Dr. Jan Mark Burte, Ph.D., MSCP, DAAPM, Licensed Clinical Psychologist Dr. Jan Mark Burte - Home Page Dr. Jan Mark Burte - Clinical Sports Psychology Dr. Jan Mark Burte - Pain Management Dr. Jan Mark Burte - Psychotherapy Dr. Jan Mark Burte - Hypnosis


Dr. Jan Mark Burte - Psychotherapy



Psychotherapy is the process of helping individuals understand how their thoughts, belief systems, behaviors and emotions interact. It may focus on earlier in life experiences, current issues or concerns and beliefs about the future. There are a myriad of different orientations or ways in which therapists conduct psychotherapy.

Two primary concerns exist which may influence the effectiveness of psychotherapy. The first is the training of the therapist. Unfortunately in many states, there are only limited guidelines governing who can call themselves a psychotherapist. However, there are strict guidelines on who may call themselves a licensed psychologist, psychiatrist, certified social worker or mental health counselor. Individuals who have received appropriate training and met their state requirements for licensure or certification represent the group of professionals recognized to provide psychotherapy. Dr. Burte believes that individuals seeking treatment should be wary of anyone professing proficiency as a psychotherapist who has not fulfilled these requirements.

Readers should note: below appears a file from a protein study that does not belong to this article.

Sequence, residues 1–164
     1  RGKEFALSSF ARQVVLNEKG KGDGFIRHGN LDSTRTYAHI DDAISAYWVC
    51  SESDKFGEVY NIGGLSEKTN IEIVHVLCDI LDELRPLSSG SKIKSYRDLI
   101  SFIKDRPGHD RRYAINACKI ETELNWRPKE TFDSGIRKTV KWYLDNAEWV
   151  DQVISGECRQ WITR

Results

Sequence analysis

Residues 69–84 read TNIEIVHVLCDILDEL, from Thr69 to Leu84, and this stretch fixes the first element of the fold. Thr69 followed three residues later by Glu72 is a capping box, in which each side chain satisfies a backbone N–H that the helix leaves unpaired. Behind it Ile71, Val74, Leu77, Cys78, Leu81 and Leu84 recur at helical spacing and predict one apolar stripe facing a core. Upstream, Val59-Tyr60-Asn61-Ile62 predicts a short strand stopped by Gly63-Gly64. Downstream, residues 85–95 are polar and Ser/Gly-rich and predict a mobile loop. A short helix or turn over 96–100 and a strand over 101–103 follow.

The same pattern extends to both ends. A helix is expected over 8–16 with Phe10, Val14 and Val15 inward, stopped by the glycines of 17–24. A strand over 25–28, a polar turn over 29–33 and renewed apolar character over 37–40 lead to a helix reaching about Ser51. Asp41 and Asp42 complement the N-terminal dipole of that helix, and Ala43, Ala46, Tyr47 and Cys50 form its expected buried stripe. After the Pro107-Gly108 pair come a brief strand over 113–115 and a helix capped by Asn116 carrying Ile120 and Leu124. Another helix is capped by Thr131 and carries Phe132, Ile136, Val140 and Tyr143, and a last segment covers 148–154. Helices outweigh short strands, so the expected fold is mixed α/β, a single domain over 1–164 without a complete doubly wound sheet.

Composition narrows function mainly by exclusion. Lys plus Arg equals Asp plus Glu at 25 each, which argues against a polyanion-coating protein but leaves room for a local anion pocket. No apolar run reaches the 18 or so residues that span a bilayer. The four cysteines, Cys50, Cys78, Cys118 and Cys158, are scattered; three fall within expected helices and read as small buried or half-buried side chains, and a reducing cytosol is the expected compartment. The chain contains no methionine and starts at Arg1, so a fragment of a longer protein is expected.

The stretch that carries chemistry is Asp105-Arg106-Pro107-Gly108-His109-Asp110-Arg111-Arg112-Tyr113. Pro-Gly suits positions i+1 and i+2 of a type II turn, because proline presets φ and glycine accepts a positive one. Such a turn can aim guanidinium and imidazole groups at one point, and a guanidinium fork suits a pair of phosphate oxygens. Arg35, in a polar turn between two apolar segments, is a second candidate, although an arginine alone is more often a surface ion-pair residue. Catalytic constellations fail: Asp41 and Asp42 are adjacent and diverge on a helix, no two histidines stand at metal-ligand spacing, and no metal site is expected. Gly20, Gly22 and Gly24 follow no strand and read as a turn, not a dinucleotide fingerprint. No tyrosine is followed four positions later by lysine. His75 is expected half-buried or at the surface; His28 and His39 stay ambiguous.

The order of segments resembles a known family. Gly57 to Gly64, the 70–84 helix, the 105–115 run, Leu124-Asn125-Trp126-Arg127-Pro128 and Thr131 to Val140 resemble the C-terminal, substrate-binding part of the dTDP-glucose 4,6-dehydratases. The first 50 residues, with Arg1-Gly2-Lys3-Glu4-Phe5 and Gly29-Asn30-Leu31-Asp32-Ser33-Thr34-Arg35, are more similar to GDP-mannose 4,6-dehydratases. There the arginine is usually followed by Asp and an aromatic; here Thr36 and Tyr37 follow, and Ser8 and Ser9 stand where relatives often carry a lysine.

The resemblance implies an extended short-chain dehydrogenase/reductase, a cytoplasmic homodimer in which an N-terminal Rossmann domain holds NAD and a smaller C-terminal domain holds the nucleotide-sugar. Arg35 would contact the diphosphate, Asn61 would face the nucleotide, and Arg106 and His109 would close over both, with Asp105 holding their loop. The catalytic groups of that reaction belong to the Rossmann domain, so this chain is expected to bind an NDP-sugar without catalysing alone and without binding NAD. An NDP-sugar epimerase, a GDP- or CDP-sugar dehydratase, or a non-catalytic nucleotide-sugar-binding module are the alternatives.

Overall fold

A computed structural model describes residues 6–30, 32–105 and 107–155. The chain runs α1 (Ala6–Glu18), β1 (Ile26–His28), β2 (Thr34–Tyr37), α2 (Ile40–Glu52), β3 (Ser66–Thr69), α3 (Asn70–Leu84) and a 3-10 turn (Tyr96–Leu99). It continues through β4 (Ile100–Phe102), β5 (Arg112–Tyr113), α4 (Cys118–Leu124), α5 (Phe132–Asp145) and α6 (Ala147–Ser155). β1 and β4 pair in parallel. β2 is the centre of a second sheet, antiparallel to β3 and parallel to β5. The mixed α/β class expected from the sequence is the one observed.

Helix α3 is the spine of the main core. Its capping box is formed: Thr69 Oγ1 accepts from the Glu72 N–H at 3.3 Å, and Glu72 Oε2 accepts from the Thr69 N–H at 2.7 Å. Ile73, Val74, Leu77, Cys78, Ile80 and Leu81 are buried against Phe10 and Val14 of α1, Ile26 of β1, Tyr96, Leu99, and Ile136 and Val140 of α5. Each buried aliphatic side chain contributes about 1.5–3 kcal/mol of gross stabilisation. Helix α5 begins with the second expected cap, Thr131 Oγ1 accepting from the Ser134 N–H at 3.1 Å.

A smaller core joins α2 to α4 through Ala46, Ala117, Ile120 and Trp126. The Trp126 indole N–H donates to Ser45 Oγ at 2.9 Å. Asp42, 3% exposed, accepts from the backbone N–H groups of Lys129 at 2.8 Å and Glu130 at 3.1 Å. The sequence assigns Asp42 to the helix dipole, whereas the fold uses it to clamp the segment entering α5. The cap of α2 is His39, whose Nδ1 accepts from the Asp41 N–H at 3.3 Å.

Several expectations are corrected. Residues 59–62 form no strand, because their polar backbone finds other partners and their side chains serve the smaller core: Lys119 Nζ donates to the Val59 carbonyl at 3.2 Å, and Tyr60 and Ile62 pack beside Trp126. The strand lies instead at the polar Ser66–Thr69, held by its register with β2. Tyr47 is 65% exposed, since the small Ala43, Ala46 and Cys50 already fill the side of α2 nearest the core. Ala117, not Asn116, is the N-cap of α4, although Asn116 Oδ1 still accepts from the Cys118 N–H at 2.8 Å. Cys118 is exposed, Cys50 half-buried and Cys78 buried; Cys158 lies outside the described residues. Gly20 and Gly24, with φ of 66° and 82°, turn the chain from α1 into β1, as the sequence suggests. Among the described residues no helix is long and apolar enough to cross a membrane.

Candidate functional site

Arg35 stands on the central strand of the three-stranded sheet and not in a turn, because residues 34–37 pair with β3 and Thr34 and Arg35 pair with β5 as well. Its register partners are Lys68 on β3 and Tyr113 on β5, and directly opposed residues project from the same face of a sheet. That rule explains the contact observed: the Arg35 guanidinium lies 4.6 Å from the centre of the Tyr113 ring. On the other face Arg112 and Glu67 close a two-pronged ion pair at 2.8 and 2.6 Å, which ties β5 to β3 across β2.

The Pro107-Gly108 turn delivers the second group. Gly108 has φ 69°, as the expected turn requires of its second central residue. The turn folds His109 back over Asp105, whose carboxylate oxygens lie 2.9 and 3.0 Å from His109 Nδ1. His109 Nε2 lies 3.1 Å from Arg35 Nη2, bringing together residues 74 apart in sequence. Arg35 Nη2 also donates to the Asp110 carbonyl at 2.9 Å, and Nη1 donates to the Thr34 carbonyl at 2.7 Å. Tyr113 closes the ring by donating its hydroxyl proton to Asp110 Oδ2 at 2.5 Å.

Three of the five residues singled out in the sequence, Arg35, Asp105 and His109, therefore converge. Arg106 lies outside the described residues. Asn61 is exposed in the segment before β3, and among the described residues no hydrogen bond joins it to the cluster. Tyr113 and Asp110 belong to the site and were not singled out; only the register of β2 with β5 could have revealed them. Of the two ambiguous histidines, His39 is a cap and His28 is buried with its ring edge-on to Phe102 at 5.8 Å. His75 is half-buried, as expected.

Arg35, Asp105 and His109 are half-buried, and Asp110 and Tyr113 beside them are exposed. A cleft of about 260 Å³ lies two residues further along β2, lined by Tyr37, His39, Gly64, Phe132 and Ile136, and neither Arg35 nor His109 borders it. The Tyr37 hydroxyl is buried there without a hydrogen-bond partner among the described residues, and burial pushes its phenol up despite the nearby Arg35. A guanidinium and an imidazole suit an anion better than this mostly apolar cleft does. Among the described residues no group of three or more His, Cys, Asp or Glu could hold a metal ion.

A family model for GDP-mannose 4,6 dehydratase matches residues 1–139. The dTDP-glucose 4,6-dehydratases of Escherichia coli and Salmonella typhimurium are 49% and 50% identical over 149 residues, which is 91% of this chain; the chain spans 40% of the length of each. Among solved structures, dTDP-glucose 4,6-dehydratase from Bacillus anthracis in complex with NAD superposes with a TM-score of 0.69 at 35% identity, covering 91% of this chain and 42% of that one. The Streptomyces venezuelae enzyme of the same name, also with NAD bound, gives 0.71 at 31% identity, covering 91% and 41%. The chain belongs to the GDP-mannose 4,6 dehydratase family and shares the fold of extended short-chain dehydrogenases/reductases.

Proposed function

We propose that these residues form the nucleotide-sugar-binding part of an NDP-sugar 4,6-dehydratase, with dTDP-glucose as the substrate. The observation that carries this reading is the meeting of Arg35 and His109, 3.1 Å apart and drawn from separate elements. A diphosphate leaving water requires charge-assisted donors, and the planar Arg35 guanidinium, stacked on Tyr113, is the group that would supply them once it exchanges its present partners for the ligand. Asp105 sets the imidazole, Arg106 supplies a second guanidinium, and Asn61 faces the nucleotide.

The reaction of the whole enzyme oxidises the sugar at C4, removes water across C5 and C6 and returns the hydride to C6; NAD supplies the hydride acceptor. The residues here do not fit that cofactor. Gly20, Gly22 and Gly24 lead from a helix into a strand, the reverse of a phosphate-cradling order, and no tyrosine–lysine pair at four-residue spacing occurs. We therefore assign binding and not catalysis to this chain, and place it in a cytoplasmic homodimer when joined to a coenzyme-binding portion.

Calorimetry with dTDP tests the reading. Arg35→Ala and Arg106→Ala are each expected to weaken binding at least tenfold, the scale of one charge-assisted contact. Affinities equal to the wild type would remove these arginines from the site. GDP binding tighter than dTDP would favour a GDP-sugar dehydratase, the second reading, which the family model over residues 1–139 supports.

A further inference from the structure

Secondly, even once you’ve hopefully selected a therapist from this group you should ask questions as to the training and experience they have in the orientation or treatment philosophy they employ with regards to the condition for which you are seeking help.